In September last year, the Aam Aadmi Party government told the Delhi High Court it was finalising a regulatory framework for taxis plying in the National Capital Region. Called the City Taxi Scheme 2017, it was supposed to be notified by the end of last year. That did not happen.
This delay has only served to intensify speculation that the scheme seeks to ban the service of shared rides offered by app-based taxi services such as Uber and Ola.
The latest draft of the scheme was submitted to Transport Minister Kailash Gahlot in December, senior officials in the Delhi transport department said. A list of suggestions submitted along with the draft, the officials added, calls for allowing cab services such as Ola and Uber to continue offering shared rides but only if they tweak their mobile apps to make them more compliant with provisions of the Motor Vehicles Act, 1988. Primarily, the cab operators would have to add certain “safety features” such as sharing their GPS logs with the state government and the Delhi police, which is under the central government, and ensuring their cabs are approved by the regional transport offices of all states they ply in within the National Capital Region – Delhi, Uttar Pradesh, Haryana and Rajasthan. The scheme also seeks to leave it to the passenger whether she wants to share the ride or not.
“The Motor Vehicles Act does not have provisions for shared rides offered by cabs,” said a senior official in the Delhi transport department. “This fact was mentioned in the scheme and we suggested that the cab aggregators should make some changes to their mobile applications to adhere to the law.”
Buzz about ban
It was in February 2017 that speculation first began about an impending ban on shared rides in Delhi, with a series of reports quoting unidentified officials as saying the cab aggregators were violating their permit conditions under the Motor Vehicles Act by offering such services. Delhi was apparently following the lead of Karnataka, which had just banned Ola and Uber from offering shared rides in Bangalore. Though Karnataka withdrew its ban only a few weeks later, the Delhi government has continued to pursue the proposal.
The reason offered by the Delhi government for the proposed ban is the same as Karnataka’s: app-based cab aggregators operate under the Contract Carriage Permit, which only allows “point-to-point transportation” without any stopover between where the ride starts and the destination. Basically, the transport department official explained, a taxi service provider cannot charge multiple passengers for a common ride. Only vehicles with the Stage Carriage Permit, such as public buses, can do so. The Stage Carriage Permit is not feasible for taxis since it would restrict the routes they can ply on even within a city, just like city buses which have specific routes and timings.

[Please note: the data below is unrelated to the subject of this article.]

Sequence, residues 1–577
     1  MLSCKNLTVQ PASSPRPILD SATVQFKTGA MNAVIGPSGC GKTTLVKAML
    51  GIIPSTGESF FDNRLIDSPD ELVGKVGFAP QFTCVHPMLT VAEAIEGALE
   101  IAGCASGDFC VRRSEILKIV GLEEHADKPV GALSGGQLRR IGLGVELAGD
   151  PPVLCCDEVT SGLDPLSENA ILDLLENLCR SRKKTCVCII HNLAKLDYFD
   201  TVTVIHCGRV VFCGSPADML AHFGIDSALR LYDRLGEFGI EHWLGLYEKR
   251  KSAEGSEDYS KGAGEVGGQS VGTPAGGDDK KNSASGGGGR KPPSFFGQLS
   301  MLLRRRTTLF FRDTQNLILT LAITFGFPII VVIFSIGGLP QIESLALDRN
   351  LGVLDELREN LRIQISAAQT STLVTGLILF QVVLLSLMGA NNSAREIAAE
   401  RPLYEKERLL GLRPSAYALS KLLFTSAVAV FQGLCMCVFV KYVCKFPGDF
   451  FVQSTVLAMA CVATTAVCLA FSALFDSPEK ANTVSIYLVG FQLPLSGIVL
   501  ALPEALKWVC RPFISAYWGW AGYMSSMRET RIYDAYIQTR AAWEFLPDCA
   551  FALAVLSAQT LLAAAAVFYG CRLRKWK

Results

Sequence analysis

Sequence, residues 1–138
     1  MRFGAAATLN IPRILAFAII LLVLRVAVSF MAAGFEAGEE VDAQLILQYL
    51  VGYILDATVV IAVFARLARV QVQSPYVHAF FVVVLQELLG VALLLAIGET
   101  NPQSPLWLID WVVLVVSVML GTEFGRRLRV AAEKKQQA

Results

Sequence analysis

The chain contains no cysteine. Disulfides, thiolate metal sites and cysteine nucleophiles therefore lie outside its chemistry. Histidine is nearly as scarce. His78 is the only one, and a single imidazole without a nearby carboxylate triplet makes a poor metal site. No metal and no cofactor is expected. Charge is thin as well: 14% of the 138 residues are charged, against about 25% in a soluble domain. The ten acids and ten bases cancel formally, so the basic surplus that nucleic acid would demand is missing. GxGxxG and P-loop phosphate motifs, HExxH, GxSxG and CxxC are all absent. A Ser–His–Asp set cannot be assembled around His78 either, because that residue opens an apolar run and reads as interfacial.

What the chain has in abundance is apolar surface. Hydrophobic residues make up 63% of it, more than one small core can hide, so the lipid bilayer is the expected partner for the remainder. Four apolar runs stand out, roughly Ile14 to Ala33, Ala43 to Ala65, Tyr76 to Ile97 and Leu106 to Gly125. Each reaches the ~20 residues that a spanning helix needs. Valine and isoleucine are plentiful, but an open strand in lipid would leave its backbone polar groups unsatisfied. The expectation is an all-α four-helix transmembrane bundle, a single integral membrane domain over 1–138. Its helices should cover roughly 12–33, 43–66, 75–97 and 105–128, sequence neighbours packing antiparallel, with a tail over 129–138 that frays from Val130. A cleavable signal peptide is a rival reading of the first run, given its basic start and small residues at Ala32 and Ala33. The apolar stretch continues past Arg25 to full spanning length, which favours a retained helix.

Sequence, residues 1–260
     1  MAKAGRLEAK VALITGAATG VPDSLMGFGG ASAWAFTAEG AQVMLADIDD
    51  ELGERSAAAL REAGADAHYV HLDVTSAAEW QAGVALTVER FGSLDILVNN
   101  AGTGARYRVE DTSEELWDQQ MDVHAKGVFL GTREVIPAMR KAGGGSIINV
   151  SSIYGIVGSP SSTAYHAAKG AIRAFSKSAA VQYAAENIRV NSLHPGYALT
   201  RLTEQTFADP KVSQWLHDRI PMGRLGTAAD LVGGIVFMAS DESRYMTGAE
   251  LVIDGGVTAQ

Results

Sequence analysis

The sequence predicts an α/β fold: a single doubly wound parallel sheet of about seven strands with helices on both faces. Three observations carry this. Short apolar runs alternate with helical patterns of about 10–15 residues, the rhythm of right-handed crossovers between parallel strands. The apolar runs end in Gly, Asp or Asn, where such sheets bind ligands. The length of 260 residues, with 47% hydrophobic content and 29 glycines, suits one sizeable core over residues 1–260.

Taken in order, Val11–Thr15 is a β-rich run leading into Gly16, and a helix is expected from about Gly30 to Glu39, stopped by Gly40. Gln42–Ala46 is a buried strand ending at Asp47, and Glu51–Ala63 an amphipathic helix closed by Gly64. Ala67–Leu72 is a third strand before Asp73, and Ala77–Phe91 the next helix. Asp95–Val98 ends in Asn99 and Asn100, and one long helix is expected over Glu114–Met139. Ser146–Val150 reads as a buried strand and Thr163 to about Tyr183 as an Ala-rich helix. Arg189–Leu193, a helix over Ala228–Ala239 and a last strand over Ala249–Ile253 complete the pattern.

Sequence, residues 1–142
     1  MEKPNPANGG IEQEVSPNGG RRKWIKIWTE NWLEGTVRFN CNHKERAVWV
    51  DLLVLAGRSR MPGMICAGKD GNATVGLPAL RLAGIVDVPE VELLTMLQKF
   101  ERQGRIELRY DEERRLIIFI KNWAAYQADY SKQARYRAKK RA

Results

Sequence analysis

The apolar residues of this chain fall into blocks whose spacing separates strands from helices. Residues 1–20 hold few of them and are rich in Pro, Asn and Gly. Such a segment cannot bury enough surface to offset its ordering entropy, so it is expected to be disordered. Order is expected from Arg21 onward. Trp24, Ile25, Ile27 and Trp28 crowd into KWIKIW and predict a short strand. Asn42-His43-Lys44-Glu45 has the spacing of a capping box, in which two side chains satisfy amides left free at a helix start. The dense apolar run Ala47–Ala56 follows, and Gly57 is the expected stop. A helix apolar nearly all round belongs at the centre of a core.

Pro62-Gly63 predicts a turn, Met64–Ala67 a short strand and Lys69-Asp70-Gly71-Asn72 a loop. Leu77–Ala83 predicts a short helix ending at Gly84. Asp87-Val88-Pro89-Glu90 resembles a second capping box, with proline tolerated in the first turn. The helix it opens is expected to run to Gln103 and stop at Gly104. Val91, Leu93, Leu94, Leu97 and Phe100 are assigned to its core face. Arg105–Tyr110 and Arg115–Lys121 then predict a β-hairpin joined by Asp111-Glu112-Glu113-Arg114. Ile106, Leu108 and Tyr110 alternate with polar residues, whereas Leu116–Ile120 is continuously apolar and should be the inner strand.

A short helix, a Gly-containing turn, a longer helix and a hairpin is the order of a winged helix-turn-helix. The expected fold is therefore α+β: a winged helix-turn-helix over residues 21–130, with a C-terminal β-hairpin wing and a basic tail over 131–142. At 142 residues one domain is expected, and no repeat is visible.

“So we suggested a way out,” the official explained. “A passenger pays the full fare for a ride and she gets to decide whether or not to share the ride. If she chooses to do so, the next passenger in pays the first passenger instead of the cab driver. This transaction between passengers who agree to share a ride has to be enabled virtually through the mobile apps which already offer payment through e-wallets.”
Beyond this procedural problem, though, Arvind Kejriwal said last month, cab sharing is a good idea. The Delhi chief minister added that his government was discussing the matter, but did not say anything about introducing the City Taxi Scheme 2017. A PTI report, quoting unnamed sources, later said Gahlot would take the final call on the matter on December 7, but that did not happen.
Tweaking the apps
As for the cab aggregators sharing their GPS logs with the state government and the police, the transport official said it would help ensure the safety of women passengers. The Delhi police maintains a women’s safety app called Himmat, and the idea is to have the cab operators share their logs with this app.
“The scheme also says no taxi registered in any other state of the National Capital Region will be allowed in Delhi unless it is party to a reciprocal agreement endorsed by the regional transport office in Delhi and vice-versa,” the official added. Simply, a cab registered in Haryana must also be approved by the regional office in Delhi and vice versa. This would require cab operators such as Ola and Uber to create a system whereby rides demanding travel from one state to another within the National Capital Region are only assigned to cabs approved by the transport offices of both states. “It is an accountability issue which can bring safeguard in terms of security,” the official said.
The official, however, underlined that “the final call” on all these matters “will be the minister’s”. “We can end up officially saying something and land in an awkward position with the minister contradicting what we had said,” he said. “But it is high time for the scheme to be notified.”